So after thirty years of taking care of her children, Jack and Zoe, and husband, Adam, who’s just up and left her, Maggie must begin anew. But as Pagán writes: how can Maggie possibly face the world alone if no one can see her?
The fear of irrelevance had been lurking in Pagán’s subconscious ever since her grandmother imparted this observation: “Women who are elderly are treated much better than women who are in the middle.” That seemed true to the author. “Younger women are revered. Toward older women, there’s more deference. But when you’re in the middle you’re just bypassed.” Pagán observed that a cashier would strike up a conversation with a middle-aged man—but not a woman of the same age who checked out just after him. Doors were held open for the young and the old—but rarely for women in the middle. Job postings seemed to tout a desire for candidates with experience, gravitas and knowledge—yet filled with bright young men clutching degrees practically still wet with ink.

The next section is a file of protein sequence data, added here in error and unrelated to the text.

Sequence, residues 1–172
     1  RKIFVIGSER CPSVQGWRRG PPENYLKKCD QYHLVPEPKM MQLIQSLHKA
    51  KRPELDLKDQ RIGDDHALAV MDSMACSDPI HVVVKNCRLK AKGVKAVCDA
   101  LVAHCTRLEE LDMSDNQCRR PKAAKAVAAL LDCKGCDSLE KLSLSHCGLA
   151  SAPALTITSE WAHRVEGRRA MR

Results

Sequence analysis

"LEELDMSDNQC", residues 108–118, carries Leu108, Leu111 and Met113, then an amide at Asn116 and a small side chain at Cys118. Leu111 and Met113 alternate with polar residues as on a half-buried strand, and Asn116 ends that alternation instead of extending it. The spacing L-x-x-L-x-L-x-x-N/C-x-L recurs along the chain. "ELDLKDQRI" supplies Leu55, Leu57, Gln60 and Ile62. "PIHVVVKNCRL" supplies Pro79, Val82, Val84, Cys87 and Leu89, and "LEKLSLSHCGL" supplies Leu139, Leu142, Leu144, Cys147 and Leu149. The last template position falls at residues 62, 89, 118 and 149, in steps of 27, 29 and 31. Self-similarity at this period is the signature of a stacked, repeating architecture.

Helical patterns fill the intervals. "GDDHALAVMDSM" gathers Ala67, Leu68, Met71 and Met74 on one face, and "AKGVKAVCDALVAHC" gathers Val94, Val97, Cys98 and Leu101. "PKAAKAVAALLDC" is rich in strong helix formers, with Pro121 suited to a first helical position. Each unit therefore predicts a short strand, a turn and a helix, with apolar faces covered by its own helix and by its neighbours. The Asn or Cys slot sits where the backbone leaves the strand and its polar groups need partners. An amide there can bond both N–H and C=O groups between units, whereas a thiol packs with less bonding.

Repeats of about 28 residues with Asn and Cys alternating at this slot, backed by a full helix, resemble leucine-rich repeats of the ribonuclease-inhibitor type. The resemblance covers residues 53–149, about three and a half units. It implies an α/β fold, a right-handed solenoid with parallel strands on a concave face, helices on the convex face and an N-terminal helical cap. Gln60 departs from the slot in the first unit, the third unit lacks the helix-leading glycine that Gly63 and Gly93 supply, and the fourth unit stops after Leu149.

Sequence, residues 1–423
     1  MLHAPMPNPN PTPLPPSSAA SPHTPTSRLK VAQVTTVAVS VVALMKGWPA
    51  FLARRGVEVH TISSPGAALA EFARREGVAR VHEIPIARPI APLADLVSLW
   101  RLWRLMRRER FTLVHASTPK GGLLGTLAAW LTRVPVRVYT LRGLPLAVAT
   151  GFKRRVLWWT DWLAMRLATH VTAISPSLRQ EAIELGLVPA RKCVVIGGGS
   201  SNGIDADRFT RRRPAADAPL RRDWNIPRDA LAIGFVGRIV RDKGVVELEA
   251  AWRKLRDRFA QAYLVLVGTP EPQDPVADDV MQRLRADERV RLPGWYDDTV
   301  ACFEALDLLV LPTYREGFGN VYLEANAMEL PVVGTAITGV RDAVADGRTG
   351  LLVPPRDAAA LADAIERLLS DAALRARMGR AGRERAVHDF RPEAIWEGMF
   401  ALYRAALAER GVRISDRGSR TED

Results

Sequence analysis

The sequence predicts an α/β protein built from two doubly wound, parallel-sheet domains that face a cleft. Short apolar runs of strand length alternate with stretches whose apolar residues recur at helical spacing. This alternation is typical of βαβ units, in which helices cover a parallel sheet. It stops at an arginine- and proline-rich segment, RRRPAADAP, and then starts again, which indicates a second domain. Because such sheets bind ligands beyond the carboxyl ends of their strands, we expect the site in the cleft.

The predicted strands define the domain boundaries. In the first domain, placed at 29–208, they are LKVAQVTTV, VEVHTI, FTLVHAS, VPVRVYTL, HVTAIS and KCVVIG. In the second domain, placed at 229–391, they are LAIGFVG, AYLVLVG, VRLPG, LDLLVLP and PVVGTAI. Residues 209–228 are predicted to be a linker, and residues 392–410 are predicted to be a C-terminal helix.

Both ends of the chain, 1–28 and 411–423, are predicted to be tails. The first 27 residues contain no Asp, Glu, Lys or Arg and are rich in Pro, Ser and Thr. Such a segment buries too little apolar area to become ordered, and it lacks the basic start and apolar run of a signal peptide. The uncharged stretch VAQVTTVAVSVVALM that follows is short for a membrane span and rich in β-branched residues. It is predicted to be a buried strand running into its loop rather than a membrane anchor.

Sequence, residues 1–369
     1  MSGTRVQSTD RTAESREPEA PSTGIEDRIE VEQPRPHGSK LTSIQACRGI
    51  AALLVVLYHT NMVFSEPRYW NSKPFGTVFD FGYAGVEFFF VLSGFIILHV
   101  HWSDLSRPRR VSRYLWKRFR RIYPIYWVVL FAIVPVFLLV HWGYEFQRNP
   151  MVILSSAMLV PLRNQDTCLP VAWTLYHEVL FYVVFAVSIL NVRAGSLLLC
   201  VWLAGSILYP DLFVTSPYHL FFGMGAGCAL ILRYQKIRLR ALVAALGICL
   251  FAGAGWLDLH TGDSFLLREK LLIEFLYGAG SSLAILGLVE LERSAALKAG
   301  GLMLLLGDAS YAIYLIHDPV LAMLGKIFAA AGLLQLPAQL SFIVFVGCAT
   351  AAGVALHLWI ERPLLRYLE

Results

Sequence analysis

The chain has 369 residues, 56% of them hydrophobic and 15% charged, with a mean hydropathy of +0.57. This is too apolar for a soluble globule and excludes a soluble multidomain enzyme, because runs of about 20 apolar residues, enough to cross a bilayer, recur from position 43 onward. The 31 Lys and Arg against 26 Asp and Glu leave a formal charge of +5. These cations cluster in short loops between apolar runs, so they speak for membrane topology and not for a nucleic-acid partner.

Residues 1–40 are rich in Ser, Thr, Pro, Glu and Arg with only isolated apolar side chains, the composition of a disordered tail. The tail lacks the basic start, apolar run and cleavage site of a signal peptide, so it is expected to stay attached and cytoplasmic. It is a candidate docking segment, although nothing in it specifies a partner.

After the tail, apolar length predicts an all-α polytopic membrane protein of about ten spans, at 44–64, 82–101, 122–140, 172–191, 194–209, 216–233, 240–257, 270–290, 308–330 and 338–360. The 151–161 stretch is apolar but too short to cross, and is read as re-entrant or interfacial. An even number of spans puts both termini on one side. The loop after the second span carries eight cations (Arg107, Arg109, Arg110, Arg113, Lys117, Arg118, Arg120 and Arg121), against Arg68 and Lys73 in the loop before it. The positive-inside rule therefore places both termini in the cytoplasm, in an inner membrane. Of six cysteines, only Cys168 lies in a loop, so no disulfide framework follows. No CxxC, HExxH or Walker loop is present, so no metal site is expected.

What made her put pen to paper though was an incident one afternoon at Whole Foods. “A college-aged man bumped into me,” Pagán said. “He was busy talking to his friend; glanced up and looked right through me, then continued on his way. It made me wonder if I had just been given a glimpse of my future.”
In that moment, the premise of Woman Last Seen in Her Thirties was born.
Pagán’s grocery store incident plays out for Maggie when someone bumps into her and hurts her, and carries on without acknowledging the incident. Then she realizes that’s how the people closest to her act as well, as though she’s invisible—and she’s been letting them.
When life is upended unexpectedly, Maggie begins drinking to cope. At first, she wants to keep everything the same—her home, her life, her schedule—but the universe has other things in mind. A series of opportunities crop up and, little by little, Maggie starts letting them in, realizing that she’d been neglecting the part of herself that thrives on adventure and risk-taking.